Then I listened to that Nightwish you linked. It was reminiscent of Rennaissance to me, I mean Annie Haslam jumped immediately to my mind while listening to Floor, who I had never heard of. Clearly, there are bands out there today that would still hold my interest, I just have not discovered them.

    Request, sir, for those of us from that age … would you consider a blog post highlighting current bands that folks with favorites lists like our should be aware of today? If there are more Nightwish type bands out there I want to know who they are!

    And I leave you with an obscure, but great example of that musical era we grew up in.

    1. If you like Nightwish you might like Van Canto, Sabaton, or Unleash the Archers. Once you’ve listened to a few of those, YT’s algorithm will start suggesting similar.

  3. Just to throw a little gasoline on he fire, how’s ’bout Babymetal(Japanese heavy metal), the HU(Mongolian throat singing), and Sabaton(sp?)(not sure where to put them on the musical)…Ooops, somebody already mentioned them.

  4. I discovered Nightwish when I found their Phantom of the Opera performance on you tube. There are diamonds out there like Floor, but they are rare.

  5. I think what pop music suffers from is the process dynamic: first and foremost, there is a commercial filter through which only certain forms of music, more likely to generate revenue, will pass. The other crucial element are the two main streams that lead to that filter. On the one hand, there is the organic evolution of musicians and bands through the churning environment of downstream clubs and venues. It is through this sort of evolutionary method that true mutations resulting in pleasing surprises and new forms can come. The other path is a slightly more modern approach: having deconstructed to essential elements the components of commercial success, raw talent is farmed and curated through intentional acts of band creation, less as an artistic endeavor, and more as a revenue creation endeavor. Raw “talent” will be auditioned for specific fit to preordained roles to execute specific components, and slotted into the next bands thrown into the incubator pipeline.

    If you’ve had kids in the last decade or so, you can witness this exact same dynamic unfold in children’s television. A pipeline of shows targeted to different age groups is created, populated by a farmed set of actors, with scripted migration of actors to the next age tiers of shows every 5 years or so until they age out of the system, with few making the transition to adult venues of stardom.

  6. My pat phrase for posts such as this is “Free American citizens are allowed to have different tastes than you and I.”

    “In a just and fair world” we would all have ready access to whatever musical genre we prefer. In modern America, that seems to mostly be the case, though you may have to go through a little bit more effort to find it.

    “Pop” music is called that because it is “popular” with a large plurality of the general public. I’m okay with that. When I was growing up, rock-and-roll was known by my parent’s and grandparent’s generation as “the devils music”. (…and indeed, a lot of that music was a form of rebellion against that generational attitude.) Now that I am myself a senior, I find that my tastes in music are considered quaint and not “with it.”

    I am not a fan of Taylor Swift, but if others are, who am I to complain. I find it ironic that Elvis and the Beatles have become elevator music right alongside of Frank Sinatra and Bing Crosby.

    Que sera sera. (…and by the way, I have always liked that song by Doris Day.)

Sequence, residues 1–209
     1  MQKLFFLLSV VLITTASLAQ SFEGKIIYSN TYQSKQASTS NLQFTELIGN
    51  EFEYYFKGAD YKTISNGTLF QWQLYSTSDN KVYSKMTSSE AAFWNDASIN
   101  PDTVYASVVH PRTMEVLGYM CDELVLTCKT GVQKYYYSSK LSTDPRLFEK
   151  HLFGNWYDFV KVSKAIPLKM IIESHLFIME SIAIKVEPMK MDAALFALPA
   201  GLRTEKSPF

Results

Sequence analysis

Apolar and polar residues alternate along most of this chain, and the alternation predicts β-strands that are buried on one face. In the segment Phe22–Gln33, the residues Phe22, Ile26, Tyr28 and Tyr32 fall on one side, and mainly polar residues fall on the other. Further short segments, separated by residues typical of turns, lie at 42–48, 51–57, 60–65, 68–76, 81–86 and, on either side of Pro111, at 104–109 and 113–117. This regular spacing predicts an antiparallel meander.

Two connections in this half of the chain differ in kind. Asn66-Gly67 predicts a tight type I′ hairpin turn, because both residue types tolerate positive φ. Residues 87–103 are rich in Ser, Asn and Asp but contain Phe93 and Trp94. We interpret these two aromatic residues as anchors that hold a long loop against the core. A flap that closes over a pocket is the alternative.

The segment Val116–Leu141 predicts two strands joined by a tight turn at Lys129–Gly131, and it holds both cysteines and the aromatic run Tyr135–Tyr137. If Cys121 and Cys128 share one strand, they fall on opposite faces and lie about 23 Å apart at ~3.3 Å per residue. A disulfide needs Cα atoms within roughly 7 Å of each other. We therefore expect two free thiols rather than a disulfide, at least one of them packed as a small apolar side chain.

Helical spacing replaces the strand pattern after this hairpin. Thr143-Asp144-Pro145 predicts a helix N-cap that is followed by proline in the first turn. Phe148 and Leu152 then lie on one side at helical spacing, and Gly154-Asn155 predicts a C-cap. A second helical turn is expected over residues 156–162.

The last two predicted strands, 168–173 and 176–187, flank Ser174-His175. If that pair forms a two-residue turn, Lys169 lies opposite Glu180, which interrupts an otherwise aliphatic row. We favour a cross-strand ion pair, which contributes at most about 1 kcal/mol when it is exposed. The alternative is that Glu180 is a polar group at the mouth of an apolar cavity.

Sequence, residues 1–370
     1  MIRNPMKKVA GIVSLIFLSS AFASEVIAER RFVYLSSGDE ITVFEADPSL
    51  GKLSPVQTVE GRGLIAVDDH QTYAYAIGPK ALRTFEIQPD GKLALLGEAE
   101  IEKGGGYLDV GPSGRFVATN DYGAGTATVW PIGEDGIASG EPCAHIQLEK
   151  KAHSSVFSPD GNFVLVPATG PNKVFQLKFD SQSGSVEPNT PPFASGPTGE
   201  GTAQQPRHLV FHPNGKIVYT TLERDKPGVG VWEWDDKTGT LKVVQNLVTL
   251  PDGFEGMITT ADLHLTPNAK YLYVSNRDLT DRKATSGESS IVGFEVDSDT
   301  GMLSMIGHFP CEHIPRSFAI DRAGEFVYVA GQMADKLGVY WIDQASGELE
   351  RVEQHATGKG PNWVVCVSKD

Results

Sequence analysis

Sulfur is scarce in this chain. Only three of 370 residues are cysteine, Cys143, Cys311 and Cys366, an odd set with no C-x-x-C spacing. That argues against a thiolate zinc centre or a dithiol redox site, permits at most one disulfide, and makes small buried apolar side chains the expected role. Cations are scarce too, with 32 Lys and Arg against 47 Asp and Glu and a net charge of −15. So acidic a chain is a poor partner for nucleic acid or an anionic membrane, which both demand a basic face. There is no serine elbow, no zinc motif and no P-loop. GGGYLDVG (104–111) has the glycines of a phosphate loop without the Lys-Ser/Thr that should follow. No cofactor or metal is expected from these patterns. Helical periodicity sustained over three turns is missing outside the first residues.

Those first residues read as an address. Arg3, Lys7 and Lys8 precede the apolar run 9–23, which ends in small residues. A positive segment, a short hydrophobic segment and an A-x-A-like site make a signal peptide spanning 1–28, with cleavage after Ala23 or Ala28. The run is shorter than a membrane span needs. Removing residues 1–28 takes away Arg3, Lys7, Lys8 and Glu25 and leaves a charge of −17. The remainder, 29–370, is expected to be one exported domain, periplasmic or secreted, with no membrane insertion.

7. A foreign exchange student, I started Flamenco in the 1950s.

    Transitioned to Ten Years After doing GOING HOME ala the Woodstock documentary.
    And BRIDGE OF SIGHS by Robin Trower.
    Spersed with the Mitch Miller and Robert Wagner chorales.

    Then opera.
    Gospel, Eye-talians, Austrian, Portland Gaymen Choir and their full-blown cabaret… doesn’t matter.

    And back to Flemenco.
    Here is Lucas Imbiriba performing his adaptation of the Los Lobos theme from Desperado:

    Through it all, I carry Brahms 118-2.
    Here is Radu Lupu (headphones required):

  8. As someone who first heard the Beatle’s when my barracks-mate, who had just transferred in from Germany, played a few albums (remember those 33-1/3 things) at a station in Pakistan in ’63, they were interesting, but not my cup of tea. However, when Gary McFarland produced his “Soft Samba” album in ’64, and it started to be played by a few DJ’s in L.A. in ’65, I started to appreciate the music of Lennon and McCartney, that was now in a form that allowed for an interesting expansion of its breadth.

  9. Guess who has Nightwish tickets next fall? ( assuming the Kung Flu restrictions don’t ruin it).

    Important thing to remember about Nightwish is that they’ve had 3 leads. Tarja, Annete Olzon and the current and best Floor Jansen. Lotta content out there, and if you like Jansen, you might not care for the other two.

    I also highly recommend Sabaton. All of their stuff. And if the tour comes close, go see them, great show.

    Screaming Eagles

  10. Consider this a late Christmas present, Kim:

    Ningen Isu has been playing since 1987. They have 21 albums. They had just started their first European tour when Covid shut everything down. I have no idea how I’d never heard of them, because they may be the best heavy metal band in existence.

  11. Folks here have already listed some of the most common bands on my Spotify lists. I saw Sabaton on their Great War album tour with Hammerfall, and had hoped to see them last fall when they were going to be opening for Judas Priest on their 50th-anniversary tour, but the WuFlu put all that on hold. I have tickets for the rescheduled show this October, assuming TPTB are allowing concerts by that point, and the indians haven’t gone bankrupt (not a good time for casinos, and this show is at Foxwoods).

    Fun trivia, Floor Jansen is married to Sabaton’s drummer.

    I’ve also been listening to a lot of Blind Guardian (their current project is very orchestral) and Powerwolf.